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Anemia and COPD

Authors Tim J. McMahon and Ann C. Prybylowski, in their book, Management of Anemia, discuss the relationship between anemia and chronic lung disease. Anemia occurs when the fraction of blood that is occupied by red blood cells decreases. Normally, blood is composed of roughly 40-45% red blood cells Anemia, they state, is relatively common in patients with chronic lung disease such as COPD, especially when there is chronic hypoxemia (low oxygen levels in the blood). Interestingly, when healthy people are exposed to low oxygen levels, the red cell concentration increases.  In those with a chronic disease like COPD, a decrease, not an increase in red cell percentage (i.e., anemia) often occurs.

The authors state that it is important to recognize anemia in COPD patients, because the condition may worsen the symptoms of dyspnea (shortness of breath), limit the patient’s ability to perform normal functions, and worsen overall prognosis.

Anemia alone can cause shortness of breath, dizziness, headache, coldness in your hands and feet, pale skin, chest pain, weakness, and fatigue (tiredness). When you have anemia, you don’t have enough hemoglobin-carrying red blood cells, so your heart has to work harder to move oxygenated blood through your body. Coupled with the impaired lung function common in COPD patients, anemia can create a “double whammy” effect, making the symptoms of COPD much worse than COPD alone would cause.

Anemia of Chronic Disease (ACD) is the most common form of anemia in COPD patients, but other forms of anemia can occur as well. It’s important to identify the type of anemia present in patients with chronic lung diseases such as emphysema, chronic bronchitis, idiopathic pulmonary fibrosis, and cystic fibrosis because different forms of anemia require different courses of treatment, and effective management of a patient’s anemia helps to improve the patient’s overall prognosis.

Information for this article was obtained from “Anemia in the Patient with Chronic Lung Disease,” located at pages 143-155 in the book, Management of Anemia and from Healthgrades.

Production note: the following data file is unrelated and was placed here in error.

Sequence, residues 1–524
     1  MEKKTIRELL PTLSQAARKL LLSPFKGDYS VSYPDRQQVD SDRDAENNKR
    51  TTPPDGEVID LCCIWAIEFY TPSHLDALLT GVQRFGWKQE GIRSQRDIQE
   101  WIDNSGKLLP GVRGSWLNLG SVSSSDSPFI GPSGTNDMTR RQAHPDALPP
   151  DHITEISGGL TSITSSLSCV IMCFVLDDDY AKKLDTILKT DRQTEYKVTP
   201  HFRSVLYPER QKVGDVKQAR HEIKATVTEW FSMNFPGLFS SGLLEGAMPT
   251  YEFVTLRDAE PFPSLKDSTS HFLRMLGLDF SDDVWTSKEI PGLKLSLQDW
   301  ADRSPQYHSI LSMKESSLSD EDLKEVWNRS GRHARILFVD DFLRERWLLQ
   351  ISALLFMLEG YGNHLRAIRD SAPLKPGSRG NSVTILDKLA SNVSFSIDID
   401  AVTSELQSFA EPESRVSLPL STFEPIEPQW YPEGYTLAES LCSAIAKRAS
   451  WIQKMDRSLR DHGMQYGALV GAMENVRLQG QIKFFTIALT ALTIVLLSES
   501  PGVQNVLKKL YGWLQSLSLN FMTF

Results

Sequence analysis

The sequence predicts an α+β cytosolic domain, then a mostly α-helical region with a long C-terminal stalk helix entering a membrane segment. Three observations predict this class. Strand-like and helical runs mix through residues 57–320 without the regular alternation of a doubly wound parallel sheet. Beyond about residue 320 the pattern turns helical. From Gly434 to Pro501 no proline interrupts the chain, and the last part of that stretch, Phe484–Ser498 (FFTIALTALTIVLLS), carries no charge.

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4 Comments
  • Avatar
    PERF
    Posted at 12:39h, 05 February Reply

    A reader wrote to us to ask, “In regards to the article about anemia and COPD, I was wondering what doctors do for anemia caused by COPD other than iron supplements.”

    Dr. Richard Casaburi, President of PERF, provided this response:

    People who have COPD can have high, normal or low numbers of red blood cells circulating in their blood. If it is low (this is called anemia), this is often (but not always) related to what is called “anemia of chronic disease”. The bone marrow, where red cells get produced, essentially gets pooped. Your physician will do blood tests to try to identify the cause of the anemia. The tests may reveal that the body iron stores are low. In this case, iron supplements are usually tried. There are other drugs that can be used to reverse anemia, but only under the direction of a physician and only for certain causes of anemia. For example, for some causes of anemia, a drug called erythropoietin can stimulate the bone marrow to reverse anemia.

    I hope that this helps you, and thank you for writing to us.

  • Avatar
    Kathy segura
    Posted at 20:27h, 10 December Reply

    I have had COPD for 10 years & have been on oxygen for the same. I have been anemic for 6 years. My iron level is always normal & I have been taking folic acid for 5 years. My Dr has referred me to a hemoglobinist. Will they be able to find the cause of my anemia?

    • Avatar
      PERF
      Posted at 15:44h, 11 December Reply

      Dear Kathy,

      Unfortunately, much as we would like to help, a blog is not the place to answer a question such as this, even if we had a complete copy of your blood work and a physical examination. I assume you have seen the response given by Dr. Casaburi on 05 February 2018 to another question regarding anemia with COPD. We agree that your referral to a hematologist is the best way to find the cause of your anemia. I am so sorry we are not able of offer more help at this time.

      If you find out something from your hematologist that might be interest to share with other readers, please come back and let us know what you discover!

      Best wishes,

      Mary Burns, RN, BS

      • Avatar
        PERF
        Posted at 06:37h, 12 December Reply

        Dear Kathy,

        There are many causes of anemia. A hematologist is skilled in dissecting out the possibilities. Seeing a hematologist is an excellent idea.

        With best wishes,

        Richard Casaburi, PhD, MD.

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